“Nancy told me,”
Nancy is the County Police Commander’s secretary and mistress. She is a trained police officer, but she hardly wears her uniform. Instead, she reports to work in tightly fitting outfits, just long enough to be considered decent. That is how her boss and lover likes it.
But Nancy is also sleeping with Gerald. Unlike the Police Commander who is overweight and very domineering, Corporal Gerald is fit, good looking, and very charming. Gerald has probably been promised her the sky, the moon and the entire solar system, and she believes that he loves her.
But love is not a word that exists in Gerald’s vocabulary. He likes chasing beautiful women, but he particularly likes the thrill of seducing the women of the bosses. A beautiful woman like Nancy naturally draws him like a moth, but if she is sleeping with a senior administrator, police or otherwise, she becomes even more attractive to him.
Everyone at the station knows that former Governor Muthee’s child by his mistress, the boy that he loves more than the grown children his wife bore him, is not really his. It is Gerald’s. Governor Muthee shared his mistress with Gerald for the entire period he was Governor. But when he lost the election to Mutwiri, Gerald lost interest in the woman.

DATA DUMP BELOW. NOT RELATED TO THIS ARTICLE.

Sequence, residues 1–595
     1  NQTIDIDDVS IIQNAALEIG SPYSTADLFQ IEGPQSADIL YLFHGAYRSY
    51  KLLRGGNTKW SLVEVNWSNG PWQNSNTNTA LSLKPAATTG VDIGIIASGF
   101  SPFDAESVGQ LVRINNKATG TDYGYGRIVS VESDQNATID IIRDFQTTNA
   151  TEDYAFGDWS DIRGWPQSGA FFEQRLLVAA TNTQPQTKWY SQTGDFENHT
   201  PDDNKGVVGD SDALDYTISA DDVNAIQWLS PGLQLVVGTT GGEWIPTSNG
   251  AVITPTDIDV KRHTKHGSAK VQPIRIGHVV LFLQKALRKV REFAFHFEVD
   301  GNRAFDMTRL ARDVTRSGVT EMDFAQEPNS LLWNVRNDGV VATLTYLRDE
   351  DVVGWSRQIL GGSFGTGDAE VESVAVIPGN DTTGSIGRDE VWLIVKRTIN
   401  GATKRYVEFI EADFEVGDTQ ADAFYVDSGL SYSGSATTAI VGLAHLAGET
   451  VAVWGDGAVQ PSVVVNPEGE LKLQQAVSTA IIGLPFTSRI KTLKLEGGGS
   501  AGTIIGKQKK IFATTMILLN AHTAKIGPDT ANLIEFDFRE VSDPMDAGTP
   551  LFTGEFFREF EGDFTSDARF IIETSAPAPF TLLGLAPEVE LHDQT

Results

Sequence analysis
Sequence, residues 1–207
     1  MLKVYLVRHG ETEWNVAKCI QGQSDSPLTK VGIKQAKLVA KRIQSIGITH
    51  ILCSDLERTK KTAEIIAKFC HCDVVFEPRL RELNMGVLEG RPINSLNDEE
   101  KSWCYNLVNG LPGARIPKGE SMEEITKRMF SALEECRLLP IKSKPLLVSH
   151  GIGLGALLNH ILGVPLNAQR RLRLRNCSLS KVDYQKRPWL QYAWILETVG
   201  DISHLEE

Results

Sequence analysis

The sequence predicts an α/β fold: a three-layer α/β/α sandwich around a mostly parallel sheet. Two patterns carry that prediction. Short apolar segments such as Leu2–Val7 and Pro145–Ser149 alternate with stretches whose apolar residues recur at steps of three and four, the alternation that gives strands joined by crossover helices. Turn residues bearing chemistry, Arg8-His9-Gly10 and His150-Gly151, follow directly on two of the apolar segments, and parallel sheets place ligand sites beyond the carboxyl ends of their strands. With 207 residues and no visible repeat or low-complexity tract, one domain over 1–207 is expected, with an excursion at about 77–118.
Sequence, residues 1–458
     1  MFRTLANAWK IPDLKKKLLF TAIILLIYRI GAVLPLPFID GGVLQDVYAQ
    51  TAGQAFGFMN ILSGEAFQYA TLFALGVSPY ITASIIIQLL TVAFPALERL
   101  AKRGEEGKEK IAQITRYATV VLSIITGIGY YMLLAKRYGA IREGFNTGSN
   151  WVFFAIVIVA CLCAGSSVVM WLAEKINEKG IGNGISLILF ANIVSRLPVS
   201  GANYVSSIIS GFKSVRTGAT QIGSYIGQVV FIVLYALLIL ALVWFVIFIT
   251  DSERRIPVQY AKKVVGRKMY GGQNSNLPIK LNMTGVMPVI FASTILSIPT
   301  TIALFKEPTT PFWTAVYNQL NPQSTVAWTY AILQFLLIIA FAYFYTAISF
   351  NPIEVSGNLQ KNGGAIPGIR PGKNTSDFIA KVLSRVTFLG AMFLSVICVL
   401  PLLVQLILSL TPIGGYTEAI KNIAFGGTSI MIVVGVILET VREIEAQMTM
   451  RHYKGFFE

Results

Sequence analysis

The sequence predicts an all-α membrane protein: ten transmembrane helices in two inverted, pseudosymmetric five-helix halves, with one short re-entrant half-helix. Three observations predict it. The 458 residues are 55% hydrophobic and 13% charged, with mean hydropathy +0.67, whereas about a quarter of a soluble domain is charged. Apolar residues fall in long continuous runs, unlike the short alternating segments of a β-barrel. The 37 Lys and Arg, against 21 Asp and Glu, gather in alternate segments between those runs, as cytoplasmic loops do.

Stella has told Gerald several times that this hobby will get him killed. But he usually he laughs and says he is careful. By being careful he means that he never sleeps with married women. Just the mistresses. He believes that as long as he doesn’t touch the big men’s wives, he will be fine. Although, he adds these days, the new County Commissioner’s wife looks ‘too delicious’ to be left alone.
“We need to go, Stella. Stop being stubborn,”
“Go where? You haven’t answered that question,”
“My sister’s home in Cheera. You should be safe there for a while,”
“Let me at least pack a few clothes,”
In spite of her reluctance, Stella knows she needs to hurry. She is no fool. She knows that Gerald is right. It is not a coincidence that she was ordered to let a tanker pass then it kills over forty people. She packs quickly and lightly.
“I am ready,” she says, emerging from her bedroom.
“Take this,” Gerald says, giving her a leather riding suit.
“What is this?”
“We are going down there using a motorcycle. This suit will protect you from the cold, and together with the helmet, hide your identity.”
“Who would recognize me in the dark?” she asks.
But she obeys. A few minutes later, they are on the road.